Instead of having to do this search every couple days, you can take the RSS feed from the search results and subscribe to it in your RSS reader. Every time there is a new post about the topic or link you searched for, you will be alerted in your RSS reader. This is super handy for keeping your finger on the pulse of what people are saying about you or the topic you’re interested in. (I will write an intro to RSS readers and subscribing to RSS feeds in a future post.)
Once you see that someone is talking about your or a topic you’re interested in, I’d encourage you to drop them a comment. Acknowledge the fact that they wrote about you or engage them further in the conversation. People like to know the fact that you’re listening. Dropping them a comment is the easiest way to do that.
If you haven’t yet, lets take a blog search engine for a spin. Let’s search for people are saying about:
What are your thoughts? Did I miss something? Do you find this helpful? Please comment and let me know.
Lately, I’ve been getting a lot of questions about blogs and how to blog. I’m going to do a series of posts with intro information for those that are new to the blogosphere.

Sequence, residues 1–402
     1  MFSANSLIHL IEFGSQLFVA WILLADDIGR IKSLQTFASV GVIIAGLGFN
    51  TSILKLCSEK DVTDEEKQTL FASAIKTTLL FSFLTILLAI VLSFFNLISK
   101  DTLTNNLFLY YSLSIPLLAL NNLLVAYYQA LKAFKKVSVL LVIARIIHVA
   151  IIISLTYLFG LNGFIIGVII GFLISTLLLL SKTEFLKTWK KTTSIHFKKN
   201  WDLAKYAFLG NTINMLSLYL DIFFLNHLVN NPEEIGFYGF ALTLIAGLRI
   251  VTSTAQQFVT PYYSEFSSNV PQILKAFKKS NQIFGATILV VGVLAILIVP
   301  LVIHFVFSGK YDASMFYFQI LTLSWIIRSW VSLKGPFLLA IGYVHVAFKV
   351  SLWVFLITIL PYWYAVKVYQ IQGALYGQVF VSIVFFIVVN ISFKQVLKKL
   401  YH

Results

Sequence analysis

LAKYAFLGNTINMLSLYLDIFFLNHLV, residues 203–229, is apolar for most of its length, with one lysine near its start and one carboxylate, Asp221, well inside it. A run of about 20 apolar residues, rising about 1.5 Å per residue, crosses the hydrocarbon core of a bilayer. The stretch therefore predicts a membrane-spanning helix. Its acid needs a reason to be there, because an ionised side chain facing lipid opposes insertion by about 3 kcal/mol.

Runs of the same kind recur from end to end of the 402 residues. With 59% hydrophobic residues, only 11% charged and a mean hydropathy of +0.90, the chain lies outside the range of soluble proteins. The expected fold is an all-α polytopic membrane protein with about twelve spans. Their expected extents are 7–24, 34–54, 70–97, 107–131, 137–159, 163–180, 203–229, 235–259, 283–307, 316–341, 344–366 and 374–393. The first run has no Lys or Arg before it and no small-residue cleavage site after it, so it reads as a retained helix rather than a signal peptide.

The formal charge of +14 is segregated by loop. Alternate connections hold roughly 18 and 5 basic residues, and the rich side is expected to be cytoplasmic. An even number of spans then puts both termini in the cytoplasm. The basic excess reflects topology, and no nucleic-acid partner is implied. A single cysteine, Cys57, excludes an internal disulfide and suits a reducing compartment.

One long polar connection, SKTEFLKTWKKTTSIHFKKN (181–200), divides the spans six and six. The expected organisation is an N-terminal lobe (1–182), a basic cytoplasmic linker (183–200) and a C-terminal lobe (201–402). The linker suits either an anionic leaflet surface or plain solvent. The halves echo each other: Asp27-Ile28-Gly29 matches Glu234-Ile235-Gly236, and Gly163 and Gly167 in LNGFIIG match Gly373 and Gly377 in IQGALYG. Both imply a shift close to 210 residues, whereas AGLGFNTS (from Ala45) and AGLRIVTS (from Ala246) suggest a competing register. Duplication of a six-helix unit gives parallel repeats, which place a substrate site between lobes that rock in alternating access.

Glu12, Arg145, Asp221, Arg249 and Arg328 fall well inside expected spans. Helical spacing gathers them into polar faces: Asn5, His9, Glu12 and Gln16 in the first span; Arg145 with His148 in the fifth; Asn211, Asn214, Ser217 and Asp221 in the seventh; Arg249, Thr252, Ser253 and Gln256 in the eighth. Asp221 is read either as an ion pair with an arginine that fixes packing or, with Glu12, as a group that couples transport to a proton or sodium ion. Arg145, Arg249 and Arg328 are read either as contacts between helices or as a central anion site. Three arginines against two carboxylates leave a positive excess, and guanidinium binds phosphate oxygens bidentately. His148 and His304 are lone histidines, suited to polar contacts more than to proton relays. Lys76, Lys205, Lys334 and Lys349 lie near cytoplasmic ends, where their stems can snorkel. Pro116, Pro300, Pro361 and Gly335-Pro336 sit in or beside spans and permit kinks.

Topics will/may include things like:
- How to blog
- Why blog
- What is RSS and how do I use it
- Figuring out what people are talking about on blogs
- Figuring out if bloggers are talking about you
- What to blog about
- Doesn’t blogging take a lot of time?
- and much more I’m sure
They may not be posted in that order but those are are the topics that I want to get to.
Did I miss anything? Are there questions that you guys have been getting that should be answered? Do you have questions about blogging? Let me know.
Are there good resources that you use to intro people to blogging?
Wednesday, as I was getting ready to leave work, I was printing off some stuff I wanted to read while on the plane to Boston. Tim O’Reilly had recently written an interesting post about the lessons he’s learned so far from his pursuit for a blogging code of conduct. It was too much to really take it all in by reading it on the screen. I printed it off.
Well yesterday I got on the plane. I pulled out the print out of the Tim O’Reilly post. Much to my frustration, I found that the only the first page of the post had printed and that the other 10 pages were all comments.
After further investigation, I see that Tim uses Six Apart‘s product Moveable Type to power his blog. I had written before about how Typepad blogs do not print well. I guess this goes for Six Apart’s whole product line.
I can’t be the only one who prints off blog posts from time to time. Sometimes its easier for me to process what I’m reading if I can scribble on it.
How do you guys feel about this? Anybody else print out blog posts from time to time?
What can we do to fix this? Can someone pass a message to Mena Trott and the folks at Six Apart? It seriously wouldn’t take that long to institute a print style sheet. Maybe if we all start talking about it, they’ll pay attention.